Browsing articles from "February, 2013"
Feb 18, 2013
Comments Off on 3D Printing gets Presidential seal of approval.

3D Printing gets Presidential seal of approval.

Last week during his annual State of the Union address, US President Obama not only mentioned 3D Printing, he earmarked it as a key strategy for the re-invigoration of the US manufacturing Industry.
In August 2012 Obama initiated early testing of this strategy through the funding of a National Additive Manufacturing Innovation Institute in Youngstown, Ohio. Youngstown represented the heart of steel manufacturing within the US and has been one the areas hardest hit by the American recession, today a once shuttered off warehouse is home the a state of the art lab where workers are mastering the 3D printing process.
With a vision to create a 15 node 3D printing network across the US it is clear Obama has faith in the potential for growth presenting by 3D printing technologies. Obama announced the launch of three more of these manufacturing hubs “where businesses will partner with the Departments of Defence and Energy to turn regions left behind by globalization into global centers of high tech jobs”
Some argue that the potential for 3D printing to revolutionize American manufacturing is greatly over hyped due to high labour and logistics costs within the US. Only time will tell if Obama’s policy will have the desired impact however for 3D printing advocates his mere mention of the technology in one of the the most widely listened to public speeches is likely to further strengthen public interest in 3D printing technologies.
Feb 14, 2013
Comments Off on King Tutankhamen replicated with Rapid Prototyping

King Tutankhamen replicated with Rapid Prototyping

On the 16th of February 1923, Archaeologist Howard Carter opened the fourth and final chamber in the Tomb of Tutankhamen, revealing the sarcophagus and remains of the then little known young Pharaoh.

Now a world famous icon of Ancient Egypt King Tut’s remains permanently rest at his tomb in the Valley of the Kings, while an exact replica of the Mummy can be viewed outside of Egypt thanks to Rapid Prototyping and the work of historical model maker Gary Staab.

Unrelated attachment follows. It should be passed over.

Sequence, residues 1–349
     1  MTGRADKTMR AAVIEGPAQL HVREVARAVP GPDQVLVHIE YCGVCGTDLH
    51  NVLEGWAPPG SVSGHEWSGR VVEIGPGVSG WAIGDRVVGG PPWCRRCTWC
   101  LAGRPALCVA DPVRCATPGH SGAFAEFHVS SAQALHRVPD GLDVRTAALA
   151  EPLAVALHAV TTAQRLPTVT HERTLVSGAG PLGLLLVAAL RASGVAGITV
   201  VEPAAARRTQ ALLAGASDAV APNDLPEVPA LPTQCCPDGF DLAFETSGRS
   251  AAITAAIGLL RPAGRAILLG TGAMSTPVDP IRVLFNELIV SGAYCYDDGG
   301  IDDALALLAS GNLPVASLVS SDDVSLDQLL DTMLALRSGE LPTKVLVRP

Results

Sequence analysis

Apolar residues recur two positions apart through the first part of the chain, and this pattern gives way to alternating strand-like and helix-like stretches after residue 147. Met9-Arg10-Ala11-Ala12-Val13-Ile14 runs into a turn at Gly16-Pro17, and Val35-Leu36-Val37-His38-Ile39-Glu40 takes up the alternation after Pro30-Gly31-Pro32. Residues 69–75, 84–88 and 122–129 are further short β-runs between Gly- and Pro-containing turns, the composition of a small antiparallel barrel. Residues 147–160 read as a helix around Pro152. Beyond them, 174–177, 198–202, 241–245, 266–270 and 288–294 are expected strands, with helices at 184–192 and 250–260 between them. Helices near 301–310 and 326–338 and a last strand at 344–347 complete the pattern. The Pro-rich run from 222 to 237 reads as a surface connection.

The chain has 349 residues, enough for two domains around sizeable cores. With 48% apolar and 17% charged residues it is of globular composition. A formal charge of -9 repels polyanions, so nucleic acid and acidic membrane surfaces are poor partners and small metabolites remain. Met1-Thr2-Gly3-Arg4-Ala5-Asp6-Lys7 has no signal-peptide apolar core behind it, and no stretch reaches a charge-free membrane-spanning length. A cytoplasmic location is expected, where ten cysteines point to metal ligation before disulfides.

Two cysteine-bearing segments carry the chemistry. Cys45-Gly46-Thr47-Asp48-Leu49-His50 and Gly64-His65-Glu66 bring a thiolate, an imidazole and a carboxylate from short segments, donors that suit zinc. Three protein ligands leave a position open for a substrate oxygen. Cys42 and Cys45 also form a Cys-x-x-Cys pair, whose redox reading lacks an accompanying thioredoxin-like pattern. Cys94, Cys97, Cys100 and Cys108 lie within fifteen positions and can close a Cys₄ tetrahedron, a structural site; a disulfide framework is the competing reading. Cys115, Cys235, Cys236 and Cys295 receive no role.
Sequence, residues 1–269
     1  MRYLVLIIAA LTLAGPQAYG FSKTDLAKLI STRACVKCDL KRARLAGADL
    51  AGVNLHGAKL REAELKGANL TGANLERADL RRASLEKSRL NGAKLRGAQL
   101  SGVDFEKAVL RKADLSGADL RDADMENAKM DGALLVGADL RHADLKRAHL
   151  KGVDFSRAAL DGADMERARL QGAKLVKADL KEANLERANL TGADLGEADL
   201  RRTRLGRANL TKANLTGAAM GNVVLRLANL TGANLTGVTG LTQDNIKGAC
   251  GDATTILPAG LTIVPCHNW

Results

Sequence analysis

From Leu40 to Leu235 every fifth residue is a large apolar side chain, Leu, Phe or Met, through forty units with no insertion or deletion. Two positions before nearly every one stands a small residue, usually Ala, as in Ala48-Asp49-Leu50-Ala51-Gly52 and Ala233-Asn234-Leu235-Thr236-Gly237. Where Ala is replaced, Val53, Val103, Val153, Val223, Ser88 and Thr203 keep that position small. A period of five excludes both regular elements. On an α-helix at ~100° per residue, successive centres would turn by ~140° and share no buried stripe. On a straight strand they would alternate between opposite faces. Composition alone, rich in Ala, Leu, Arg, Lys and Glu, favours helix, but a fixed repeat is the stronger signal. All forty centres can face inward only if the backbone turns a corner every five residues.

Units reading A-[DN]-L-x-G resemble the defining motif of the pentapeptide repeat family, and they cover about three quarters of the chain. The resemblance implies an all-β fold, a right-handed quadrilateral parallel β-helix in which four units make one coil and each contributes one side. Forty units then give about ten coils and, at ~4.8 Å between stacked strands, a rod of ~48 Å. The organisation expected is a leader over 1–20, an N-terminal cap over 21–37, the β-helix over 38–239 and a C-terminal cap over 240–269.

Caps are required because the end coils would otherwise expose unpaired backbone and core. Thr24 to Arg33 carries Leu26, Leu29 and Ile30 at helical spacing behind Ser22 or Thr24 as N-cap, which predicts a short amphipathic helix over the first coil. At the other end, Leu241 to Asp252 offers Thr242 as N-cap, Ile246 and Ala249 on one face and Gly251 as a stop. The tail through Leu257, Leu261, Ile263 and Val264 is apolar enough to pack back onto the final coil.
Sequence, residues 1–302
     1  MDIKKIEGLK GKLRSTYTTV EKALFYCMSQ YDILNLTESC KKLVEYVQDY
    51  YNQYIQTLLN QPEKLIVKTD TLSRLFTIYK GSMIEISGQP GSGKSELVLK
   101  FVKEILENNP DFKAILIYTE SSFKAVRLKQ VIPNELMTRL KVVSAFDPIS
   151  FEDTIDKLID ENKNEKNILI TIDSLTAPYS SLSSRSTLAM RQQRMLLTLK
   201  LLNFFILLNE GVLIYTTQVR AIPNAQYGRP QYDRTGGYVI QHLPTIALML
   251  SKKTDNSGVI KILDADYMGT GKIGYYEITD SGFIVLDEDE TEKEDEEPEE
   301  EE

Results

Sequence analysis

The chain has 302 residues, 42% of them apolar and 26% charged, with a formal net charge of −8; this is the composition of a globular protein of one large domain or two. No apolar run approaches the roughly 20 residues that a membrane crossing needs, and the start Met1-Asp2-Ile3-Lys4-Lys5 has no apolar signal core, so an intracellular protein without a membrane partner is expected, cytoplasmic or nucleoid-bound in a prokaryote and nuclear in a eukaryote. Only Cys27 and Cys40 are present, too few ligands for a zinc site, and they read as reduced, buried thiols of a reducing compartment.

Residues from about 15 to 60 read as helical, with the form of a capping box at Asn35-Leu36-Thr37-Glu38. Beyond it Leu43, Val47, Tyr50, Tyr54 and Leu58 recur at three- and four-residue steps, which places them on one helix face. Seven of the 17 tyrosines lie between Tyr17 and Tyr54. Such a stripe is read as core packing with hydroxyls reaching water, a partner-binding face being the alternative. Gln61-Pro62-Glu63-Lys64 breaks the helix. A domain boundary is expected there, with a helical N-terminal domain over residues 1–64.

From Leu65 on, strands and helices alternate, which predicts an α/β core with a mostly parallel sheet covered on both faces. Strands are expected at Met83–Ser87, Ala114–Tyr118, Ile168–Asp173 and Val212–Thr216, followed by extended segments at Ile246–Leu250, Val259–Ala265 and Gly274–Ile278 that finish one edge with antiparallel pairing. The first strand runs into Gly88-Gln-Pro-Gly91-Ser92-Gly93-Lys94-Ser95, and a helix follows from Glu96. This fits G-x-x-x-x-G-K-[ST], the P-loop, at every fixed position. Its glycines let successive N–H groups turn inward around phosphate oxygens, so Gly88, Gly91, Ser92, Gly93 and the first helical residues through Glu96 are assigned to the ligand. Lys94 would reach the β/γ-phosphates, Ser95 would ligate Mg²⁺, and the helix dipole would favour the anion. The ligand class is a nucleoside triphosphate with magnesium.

Commissioned to produce a replica model of the world famous mummy in advance of the final stop in the second  Treasures of  Tutankhamen world tour Staab turned to Rapid Prototyping to speed up the development process.

CT scans of the mummy were imported into proprietary 3D software which created an exact 3D CAD file of the actual mummified remains. This file was then hollowed out to reduce build times and weight of the final Stereolithography model. Once hollowed the file was fixed to ensure the model was “water tight” prior to sending to print.

Once built support structures were removed before the 3D model of King Tut traveled to the Staab Studio. Gary Staab then set to work developing the colour and texture until the monochrome model was transformed into a realistic replica model of the mummified Pharaoh.

Feb 4, 2013
Comments Off on Mobile goes 3D as Nokia release 3D Development Kit for Lumia 820

Mobile goes 3D as Nokia release 3D Development Kit for Lumia 820

While 3D printing for mobile device development is nothing new Nokia are embracing the growing consumer interest in 3D printing technology with the Lumia 820 3D printing community.

A simple concept the 3D printing community will allow users replace the removable mobile shell with a range of Nokia made casings capable of enhancing user experience, from special ruggedized shells  – for those demanding a more robust mobile casing to shells adding a wireless charging capability allowing chatterboxes to talk for longer.

In addition to these product add on’s the team at Nokia have realised that with 3D printing it will now be possible to take customer experience and the desire for individuality even further with 3D templates available online for users to build their own unique shell casing.

Nokia Community and Developer Marketing Manager, John Kneeland  believes that the future for mobile phones lies in more modular and customizable products, with the hope that some day Nokia will sell some kind of phone template allowing entrepreneurs the world over to build a local business on developing phones specifically tailored to the needs of his or her local community.